This Might be the Biggest Lie in Investing

Want to learn how to avoid losing your shirt in the market?

Then pay attention because brokers and financial advisor have been giving you one of the most god-awful pieces of advice. Most folks believe it—and unfortunately, investors like you have lost millions of dollars because of it…

So today you’re going to learn how to avoid that hideous mistake. I’ll also show you a simple trick that’ll limit your losses and let you make more money on your profitable trades. Maybe a lot more.

The Wall Street lie I’m referring to is commonly called averaging down. It means buying additional shares of a stock when the price drops. The idea is that the investor is lowering the average price he pays for shares. Because if you liked a stock at $50, you’ll love it at $35, right?

Wrong.

See, in most cases, averaging down really means spiraling down…

Let’s say you buy 1,000 shares of a $10 stock. It’s a company that owns a small fast-food chain. Your research shows the company’s planning to double its number of restaurants from 50 to 100 over the next three years. So you put $10,000 on the line, expecting shares to rise as the company expands.

Unfortunately, the expansion doesn’t exactly go as planned. The economy softens. Sales weaken at existing stores. The company’s margins are pinched as consumers crack down on spending and demand larger discounts. Finally, an earnings miss sends shares plummeting double-digits in one day.

It’s been one year since you first purchased your 1,000 shares. Now your $10 stock is trading at $5 and your $10,000 initial investment is now only worth $5,000. But you still like the stock. You believe the company will right the ship when economic conditions improve. So does your broker.

So you buy another 1,000 shares, paying just $5 per share this time. On the surface you can easily justify it. By purchasing another 1,000 at a discount, you’ve effectively lowered your average entry price to $7.50 per share.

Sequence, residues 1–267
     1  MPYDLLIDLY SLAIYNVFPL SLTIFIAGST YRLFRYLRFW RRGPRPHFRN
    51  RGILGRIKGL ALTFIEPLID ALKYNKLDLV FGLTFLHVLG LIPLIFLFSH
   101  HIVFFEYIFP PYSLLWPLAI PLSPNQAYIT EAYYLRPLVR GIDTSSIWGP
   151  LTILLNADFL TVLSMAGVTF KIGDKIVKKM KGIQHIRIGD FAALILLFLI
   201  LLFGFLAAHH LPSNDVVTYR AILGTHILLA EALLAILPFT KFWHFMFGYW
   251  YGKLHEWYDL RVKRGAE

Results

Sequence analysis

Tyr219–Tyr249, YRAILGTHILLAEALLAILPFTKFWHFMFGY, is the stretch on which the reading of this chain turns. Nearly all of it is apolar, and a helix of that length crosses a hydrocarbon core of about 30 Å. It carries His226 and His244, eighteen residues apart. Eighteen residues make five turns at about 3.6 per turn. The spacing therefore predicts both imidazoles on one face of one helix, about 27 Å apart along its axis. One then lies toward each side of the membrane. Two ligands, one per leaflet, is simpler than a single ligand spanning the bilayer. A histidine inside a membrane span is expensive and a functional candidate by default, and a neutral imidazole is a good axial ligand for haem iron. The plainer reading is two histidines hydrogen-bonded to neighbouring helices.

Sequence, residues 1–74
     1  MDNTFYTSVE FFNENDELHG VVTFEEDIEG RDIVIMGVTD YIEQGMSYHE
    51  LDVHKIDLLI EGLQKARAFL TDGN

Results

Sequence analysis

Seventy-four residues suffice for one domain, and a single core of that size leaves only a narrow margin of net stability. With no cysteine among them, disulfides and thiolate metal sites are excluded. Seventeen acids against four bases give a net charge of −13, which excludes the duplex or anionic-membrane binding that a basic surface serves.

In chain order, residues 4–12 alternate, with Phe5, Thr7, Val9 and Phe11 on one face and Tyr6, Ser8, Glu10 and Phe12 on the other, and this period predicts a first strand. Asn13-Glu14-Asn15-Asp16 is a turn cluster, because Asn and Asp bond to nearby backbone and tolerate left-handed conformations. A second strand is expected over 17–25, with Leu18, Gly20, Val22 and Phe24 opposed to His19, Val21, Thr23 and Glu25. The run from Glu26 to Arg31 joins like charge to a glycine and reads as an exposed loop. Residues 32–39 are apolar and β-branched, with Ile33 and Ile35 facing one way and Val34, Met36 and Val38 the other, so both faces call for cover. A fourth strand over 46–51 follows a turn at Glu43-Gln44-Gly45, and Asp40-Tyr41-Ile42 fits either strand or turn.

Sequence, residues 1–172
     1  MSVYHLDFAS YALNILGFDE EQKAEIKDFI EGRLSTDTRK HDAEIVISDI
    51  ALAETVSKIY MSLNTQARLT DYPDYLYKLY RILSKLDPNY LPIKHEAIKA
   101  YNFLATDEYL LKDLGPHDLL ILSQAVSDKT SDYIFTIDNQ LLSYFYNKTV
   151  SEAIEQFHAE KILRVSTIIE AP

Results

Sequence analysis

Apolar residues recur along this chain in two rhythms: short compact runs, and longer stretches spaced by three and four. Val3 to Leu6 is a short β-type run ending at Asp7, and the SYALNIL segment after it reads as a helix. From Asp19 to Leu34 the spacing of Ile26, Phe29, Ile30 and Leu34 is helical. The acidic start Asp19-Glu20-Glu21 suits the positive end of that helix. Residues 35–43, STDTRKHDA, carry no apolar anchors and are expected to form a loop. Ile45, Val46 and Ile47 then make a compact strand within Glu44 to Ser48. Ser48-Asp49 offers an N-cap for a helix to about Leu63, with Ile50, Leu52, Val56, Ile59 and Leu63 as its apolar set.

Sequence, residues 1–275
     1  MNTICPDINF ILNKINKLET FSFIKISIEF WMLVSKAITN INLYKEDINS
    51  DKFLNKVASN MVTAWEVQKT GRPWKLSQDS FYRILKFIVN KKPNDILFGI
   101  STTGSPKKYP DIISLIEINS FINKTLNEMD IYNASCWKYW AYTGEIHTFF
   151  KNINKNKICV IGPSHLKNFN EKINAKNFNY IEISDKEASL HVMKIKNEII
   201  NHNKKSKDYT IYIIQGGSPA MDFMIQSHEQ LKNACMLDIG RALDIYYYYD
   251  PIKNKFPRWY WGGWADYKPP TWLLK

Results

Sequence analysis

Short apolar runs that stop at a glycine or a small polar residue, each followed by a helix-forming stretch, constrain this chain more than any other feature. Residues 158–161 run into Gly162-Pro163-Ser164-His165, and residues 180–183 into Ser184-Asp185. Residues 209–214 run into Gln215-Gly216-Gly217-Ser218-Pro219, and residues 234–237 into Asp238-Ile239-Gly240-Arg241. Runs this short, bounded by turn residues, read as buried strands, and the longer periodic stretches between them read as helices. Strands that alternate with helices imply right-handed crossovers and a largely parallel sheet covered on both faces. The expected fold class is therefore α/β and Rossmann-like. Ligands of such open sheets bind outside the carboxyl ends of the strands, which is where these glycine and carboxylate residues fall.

You’re doing what every financial advisor tells you to do here. Sit on your hands and stick to your belief that the stock will eventually go up…

But that ain’t how the market works, buddy. Averaging down is throwing good money after bad. It’s usually a sucker’s bet. Instead of improving your situation you’re tying up even more money on a losing investment. Using our example, your stock would still need to rise 50% to bring you back to breakeven. The starting line. And that’s after you’ve already doubled-down on your investment.

That’s money that could have been put to use buying another winning trade.

That’s precisely why you need to change your investing mindset. The lie of averaging down only causes pain and suffering. And I don’t want to hear about that rare occasion when it works. For every one of those you get ten when it flops.

So it’s time to break the cycle by going against what nearly every financial advisor has preached since the beginning of time.

And instead of buying more shares of a stock when the price drops, you should “average up.”

That’s right – average up. Add to your winning positions. It’s not crazy. After all, why wouldn’t you want to buy a stock that’s going up?

Take a look…

AveragingDown-DR

I know this might sound strange. But it’s a strategy that many successful traders and investors have used for decades — even though it’s rarely mentioned.

If you have reason to believe a trend will continue, you can add to your winning position multiple times. Just be sure to limit your risk by moving up your stop loss each time. That way, you won’t lose money if the stock unexpectedly drops below your most recent purchase price.

Averaging up works for two key reasons. First, you’re actively building a position in a winning stock. Instead of idly watching your gains, you’re increasing your profits by moving additional money to your strongest positions. It compounds your gains.

You’re also making your money work for you on your own terms. When you buy into the lie of averaging down, you’re forced to expand your investing timeframe. One year becomes three years. Three years become five years. Before you know it you’re holding an investment for half a decade — and you’ve pulled out whatever’s left of your hair waiting for the damn thing to break even.

Averaging up breaks this cycle of disappointment. And it’s not rocket science. If you average up consistently you’ll be rewarded with larger, faster gains. And you’ll never throw good money after bad again.

So tell your broker to get bent next time he says to average down…

Regards,

Greg Guenthner
for The Daily Reckoning

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